"I like to make abstract human figures and think of them as the wood's spirit coming out to view the world with me. To me, my sculptures are the epitome of our oneness with nature."
"I was born and brought up in a hill station, Uttranchal. I was a wanderer, and always spent my time wandering in the jungle. I just love its beauty – the trees, the rivers, the ponds. Fallen trees that form bridges over the streams, the chirping of birds and the sun rays peeking through the thick mass of trees delight me.
"I tried working in different things, but I would much prefer to go wandering in the woods or play football with my friends. At the same time I'd collect unique stones and wood from the jungle. I realized the business world is not my thing.
"One day I happened to notice an old sculpture my uncle had made. It was all roughly colored, but there was something interesting about the piece. I removed the paint and modified it using my own creativity and it came out really well. This is how I started my profession of wood sculpting. I started collecting old wood from the jungle and sculpting it into unique pieces of art.
"Each piece of wood is a piece of art for me. When I go wood hunting to the river and jungle, I become one with nature – I lose count of time. I can go on for hours without food or water. It is such a peaceful ambiance and every time I enter the jungle I thank God for the blessing and talent he has bestowed on me.
"Another reason why I love my work is that it does not harm our eco system. I have never cut any trees or parts of them to create my sculptures. I love nature and there can be no better way to tell the world that, but through my art.
"I pick every broken piece of wood that I come across in the jungle, as well as driftwood by the riverside. At times I know what I am going to create at a first glance: it's as if just by picking up a piece of wood, it narrates you its story.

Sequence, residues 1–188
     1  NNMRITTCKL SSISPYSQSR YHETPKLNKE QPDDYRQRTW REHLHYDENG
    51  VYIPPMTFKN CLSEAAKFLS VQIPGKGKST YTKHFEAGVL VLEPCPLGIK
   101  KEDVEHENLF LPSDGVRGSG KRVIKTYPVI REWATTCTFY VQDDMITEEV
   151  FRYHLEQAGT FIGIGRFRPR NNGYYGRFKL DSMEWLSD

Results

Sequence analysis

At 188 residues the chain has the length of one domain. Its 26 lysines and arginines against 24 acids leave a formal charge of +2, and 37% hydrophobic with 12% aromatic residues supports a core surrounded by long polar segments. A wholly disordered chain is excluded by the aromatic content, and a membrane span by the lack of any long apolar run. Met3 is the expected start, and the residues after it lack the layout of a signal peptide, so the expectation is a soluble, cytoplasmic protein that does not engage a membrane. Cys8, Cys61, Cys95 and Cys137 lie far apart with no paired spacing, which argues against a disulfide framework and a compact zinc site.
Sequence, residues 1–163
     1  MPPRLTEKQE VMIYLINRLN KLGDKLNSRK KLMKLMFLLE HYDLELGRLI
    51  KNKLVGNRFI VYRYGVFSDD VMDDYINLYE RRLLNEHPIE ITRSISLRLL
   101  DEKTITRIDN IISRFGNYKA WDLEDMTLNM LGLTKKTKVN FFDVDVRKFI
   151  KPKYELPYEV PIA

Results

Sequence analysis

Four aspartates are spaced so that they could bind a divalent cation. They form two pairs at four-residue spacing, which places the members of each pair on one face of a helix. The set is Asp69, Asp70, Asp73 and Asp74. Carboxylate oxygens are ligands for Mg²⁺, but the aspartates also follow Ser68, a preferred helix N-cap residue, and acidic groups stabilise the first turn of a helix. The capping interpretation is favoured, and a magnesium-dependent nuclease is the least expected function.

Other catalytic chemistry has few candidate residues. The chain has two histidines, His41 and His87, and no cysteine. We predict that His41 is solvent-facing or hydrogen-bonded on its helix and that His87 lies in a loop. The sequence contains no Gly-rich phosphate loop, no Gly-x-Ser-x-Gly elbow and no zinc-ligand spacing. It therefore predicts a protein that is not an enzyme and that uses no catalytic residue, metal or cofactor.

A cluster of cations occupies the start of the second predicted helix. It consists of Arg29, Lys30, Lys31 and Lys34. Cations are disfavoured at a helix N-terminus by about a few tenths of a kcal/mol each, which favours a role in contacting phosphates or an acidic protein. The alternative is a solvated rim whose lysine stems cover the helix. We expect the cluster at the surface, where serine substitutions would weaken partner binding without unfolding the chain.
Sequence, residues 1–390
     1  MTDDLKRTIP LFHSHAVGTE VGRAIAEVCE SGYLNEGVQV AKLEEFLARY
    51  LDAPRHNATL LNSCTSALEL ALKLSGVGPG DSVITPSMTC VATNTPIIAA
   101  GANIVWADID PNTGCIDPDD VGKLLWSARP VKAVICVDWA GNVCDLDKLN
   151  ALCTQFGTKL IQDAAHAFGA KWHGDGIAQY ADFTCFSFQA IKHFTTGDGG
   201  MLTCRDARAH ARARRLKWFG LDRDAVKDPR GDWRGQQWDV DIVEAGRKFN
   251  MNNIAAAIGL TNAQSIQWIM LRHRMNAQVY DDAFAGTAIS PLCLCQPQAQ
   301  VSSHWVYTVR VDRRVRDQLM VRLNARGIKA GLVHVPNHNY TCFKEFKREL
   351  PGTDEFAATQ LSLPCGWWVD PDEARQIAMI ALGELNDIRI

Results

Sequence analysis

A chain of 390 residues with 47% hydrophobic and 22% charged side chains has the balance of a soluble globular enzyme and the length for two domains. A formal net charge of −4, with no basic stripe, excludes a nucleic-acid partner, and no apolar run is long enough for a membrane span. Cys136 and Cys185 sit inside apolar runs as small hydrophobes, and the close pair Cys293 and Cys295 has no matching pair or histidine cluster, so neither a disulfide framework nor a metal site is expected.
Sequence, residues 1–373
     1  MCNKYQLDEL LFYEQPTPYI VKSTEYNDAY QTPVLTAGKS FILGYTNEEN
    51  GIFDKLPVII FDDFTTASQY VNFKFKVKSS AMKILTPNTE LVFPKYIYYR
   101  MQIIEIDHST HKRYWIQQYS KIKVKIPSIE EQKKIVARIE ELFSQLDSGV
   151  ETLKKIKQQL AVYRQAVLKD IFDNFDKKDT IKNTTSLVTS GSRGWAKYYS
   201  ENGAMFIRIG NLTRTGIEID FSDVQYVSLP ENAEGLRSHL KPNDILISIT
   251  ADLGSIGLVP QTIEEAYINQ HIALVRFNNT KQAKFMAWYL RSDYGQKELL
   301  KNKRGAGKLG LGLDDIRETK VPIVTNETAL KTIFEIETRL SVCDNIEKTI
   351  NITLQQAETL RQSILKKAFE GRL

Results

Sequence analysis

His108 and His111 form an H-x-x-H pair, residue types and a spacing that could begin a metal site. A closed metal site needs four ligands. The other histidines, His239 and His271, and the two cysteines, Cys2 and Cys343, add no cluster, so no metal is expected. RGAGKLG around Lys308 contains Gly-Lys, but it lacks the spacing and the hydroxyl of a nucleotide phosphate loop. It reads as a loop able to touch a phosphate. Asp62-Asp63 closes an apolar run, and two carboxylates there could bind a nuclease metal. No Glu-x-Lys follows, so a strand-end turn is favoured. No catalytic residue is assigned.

"Other times, I bring the piece of wood home and ponder on it. For me, the actual sculpting does not take so much time. It is the creative thinking which takes time.
"I like to make abstract human figures and think of them as the wood's spirit coming out to view the world with me. To me, my sculptures are the epitome of our oneness with nature.
"I remember when, about 30 years ago when I first started, I got hold of a big chunk of wood with a big stone encrusted in it. I started working on it and it turned out as an amazing abstract piece of art and yet, when I turn it upside down it looks like a human figure trying to throw the stone -- it is an amazing effect! It's a big piece, about 3 to 4 feet long, so I keep it outside our home and passersby tend to stop to look and admire the piece as though it was a meticulously crafted sculpture. To this day I still have that piece and I always draw inspiration from it.
"Seeing my creativity, people started appreciating my work. Family and friends advised me to come to Delhi, so I moved here and though it wasn't easy my sculptures gradually became popular. In 1996 I met the Commissioner of Handicrafts who gave me the opportunity to participate in government sponsored exhibitions and since then I have been fortunate to participate in exhibitions in Bombay, Goa, Bangalore and Delhi, among others. It has been definitely a good experience so far, and I want to enjoy this beautiful journey in art for a very long time."